The Guna tube vault, rammed earth walls, filler slab and oxide floorings are traditional techniques that have been modified with modern technology and elements to create a contemporary house. Most of the materials and elements used in the construction are locally available and close to their natural state. The making of the house has a combination of labor intensive processes as well as assembly of elements . The formal structural principle plays a major role in defining the extrovert nature of the house. The materials and techniques used are a conscious attempt to merge locally available material and traditional building techniques with modern precast systems. This makes the construction faster and efficient and allows replication.

Fig. 4. 65 Image looking towards the kund, showing the physical and visual extension

Fig. 4. 66 Image showing assembly of elements

Fig. 4. 67 Image showing guna tube vault on the first floor

Fig. 4. 68 Interior image of the ground floor

Inferences Both the houses are placed in a similar physical context, though they differ largely in their spatial and formal manifestations. Both use structure and organizational order as a means to respond to climate, context and its inside-outside relationships. The first house uses a courtyard organization, whereas the second house uses a system of parallel walls. The nature of openings of both the houses suggests its visual relationship to the outside. In addition to this, the second house, also caters to physical relationships, where spaces physically extend towards the outside. These relationships are largely affected by the proximities and the dense vegetation between the individual houses in the communities since its acts as an existing layer of enclosure. Both the houses do not claiming any physical territory apart from the existing layer of natural enclosure. The footprint of the first house is confined to its enclosure and creates a micro-environment within the house, whereas the second house extends outside to cater to collective interactions. Another similarity is seen in the conscious use of local materials and traditional techniques, but differ largely in their making since the first one uses a traditional approach using purely skill based techniques to respond to the context, where as the second uses a modern approach by assembling the local materials and traditional methods along with pre-casted elements. In many ways these houses show an additional sense of permanence, due to choice of systems and materials.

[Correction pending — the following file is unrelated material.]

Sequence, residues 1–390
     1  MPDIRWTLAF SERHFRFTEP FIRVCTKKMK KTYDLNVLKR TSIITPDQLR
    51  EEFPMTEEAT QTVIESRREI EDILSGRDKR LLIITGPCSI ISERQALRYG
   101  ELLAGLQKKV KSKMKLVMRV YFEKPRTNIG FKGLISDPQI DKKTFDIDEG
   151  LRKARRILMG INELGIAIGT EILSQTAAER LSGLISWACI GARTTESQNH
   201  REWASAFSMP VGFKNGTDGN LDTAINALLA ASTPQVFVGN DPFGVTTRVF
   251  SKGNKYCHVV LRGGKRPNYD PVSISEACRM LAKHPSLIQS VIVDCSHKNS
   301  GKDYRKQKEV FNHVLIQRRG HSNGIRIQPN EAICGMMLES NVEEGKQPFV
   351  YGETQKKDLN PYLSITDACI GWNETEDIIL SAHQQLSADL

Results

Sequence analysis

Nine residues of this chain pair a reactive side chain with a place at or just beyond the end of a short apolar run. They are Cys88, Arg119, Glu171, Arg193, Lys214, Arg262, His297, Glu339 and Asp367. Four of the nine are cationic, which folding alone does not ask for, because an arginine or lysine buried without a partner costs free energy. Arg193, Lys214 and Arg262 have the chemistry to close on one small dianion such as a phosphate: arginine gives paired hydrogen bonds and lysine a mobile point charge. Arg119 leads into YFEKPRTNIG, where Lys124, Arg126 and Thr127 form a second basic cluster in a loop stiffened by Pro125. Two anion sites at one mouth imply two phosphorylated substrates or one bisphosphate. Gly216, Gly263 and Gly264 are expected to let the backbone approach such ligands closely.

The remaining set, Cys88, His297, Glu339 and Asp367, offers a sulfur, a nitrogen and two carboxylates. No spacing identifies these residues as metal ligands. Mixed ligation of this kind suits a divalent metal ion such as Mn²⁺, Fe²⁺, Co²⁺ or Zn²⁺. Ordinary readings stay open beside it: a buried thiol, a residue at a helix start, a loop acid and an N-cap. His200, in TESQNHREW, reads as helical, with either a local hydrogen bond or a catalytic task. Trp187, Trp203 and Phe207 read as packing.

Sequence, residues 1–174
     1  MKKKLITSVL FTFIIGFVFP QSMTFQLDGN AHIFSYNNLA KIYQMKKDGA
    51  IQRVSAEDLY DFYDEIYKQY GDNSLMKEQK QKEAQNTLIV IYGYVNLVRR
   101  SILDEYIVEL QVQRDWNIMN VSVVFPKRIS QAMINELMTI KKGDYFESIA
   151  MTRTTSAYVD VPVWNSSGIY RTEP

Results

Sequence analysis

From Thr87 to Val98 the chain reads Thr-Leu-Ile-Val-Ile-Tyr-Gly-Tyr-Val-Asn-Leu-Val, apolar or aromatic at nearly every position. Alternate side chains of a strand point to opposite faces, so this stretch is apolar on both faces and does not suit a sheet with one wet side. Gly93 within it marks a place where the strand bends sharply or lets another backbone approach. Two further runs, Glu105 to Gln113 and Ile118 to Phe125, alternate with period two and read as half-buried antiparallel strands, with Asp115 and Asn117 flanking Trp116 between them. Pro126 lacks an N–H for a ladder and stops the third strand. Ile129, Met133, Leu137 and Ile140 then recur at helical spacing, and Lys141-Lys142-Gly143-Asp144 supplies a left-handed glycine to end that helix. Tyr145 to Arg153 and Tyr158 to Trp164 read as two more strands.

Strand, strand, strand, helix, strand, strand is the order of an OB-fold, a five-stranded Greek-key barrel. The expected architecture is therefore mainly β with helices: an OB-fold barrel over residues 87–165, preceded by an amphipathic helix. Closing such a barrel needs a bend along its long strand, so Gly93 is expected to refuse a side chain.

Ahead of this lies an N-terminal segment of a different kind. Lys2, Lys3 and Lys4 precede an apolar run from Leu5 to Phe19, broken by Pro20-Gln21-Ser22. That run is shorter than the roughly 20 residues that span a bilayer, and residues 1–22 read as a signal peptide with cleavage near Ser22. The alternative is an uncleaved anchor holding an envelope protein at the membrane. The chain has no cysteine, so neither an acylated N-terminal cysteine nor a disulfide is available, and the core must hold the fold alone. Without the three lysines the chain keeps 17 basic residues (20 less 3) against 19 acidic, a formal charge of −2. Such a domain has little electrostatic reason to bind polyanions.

Fig. 4. 69 Site plan locating Swayam Community

4.2. High density low rise community 4.2.1 Swayam community Year : 2001-08 Approximately 100 sq m - Two inhabitants Swayam is a high density, low-rise, gated residential community in the residential zone. It is an architect proposed project aiming to create a small mixed-use residential community with diverse groups of people, living and working together in a sustainable and ecologically sound environment. It consists of a cluster of units knit together to respond to the urban context of the master plan. It consists of a diverse variety of houses from single, free standing and attached houses that include ground floor working and living spaces with a space above for sleeping to Flats for singles, couples and small families. The houses were designed to be 45 - 60 square meters each, though larger houses were made for people who opted to live together opting for common and shared facilities. The decision of a mixed-use community along with work and living on the ground floor was to ensure that the community is occupied at all times of the day and to ensure community interactions. The use of similar constructional materials and elements across the different varieties of houses gives the community a coherent architectural language. A palette of materials and elements along with a model unit was proposed, where the users according to their requirement made changes and execution was done in close contact with a team of builders . This is an important aspect of this collective model, where the relationship between client, designer and builder gets introduced.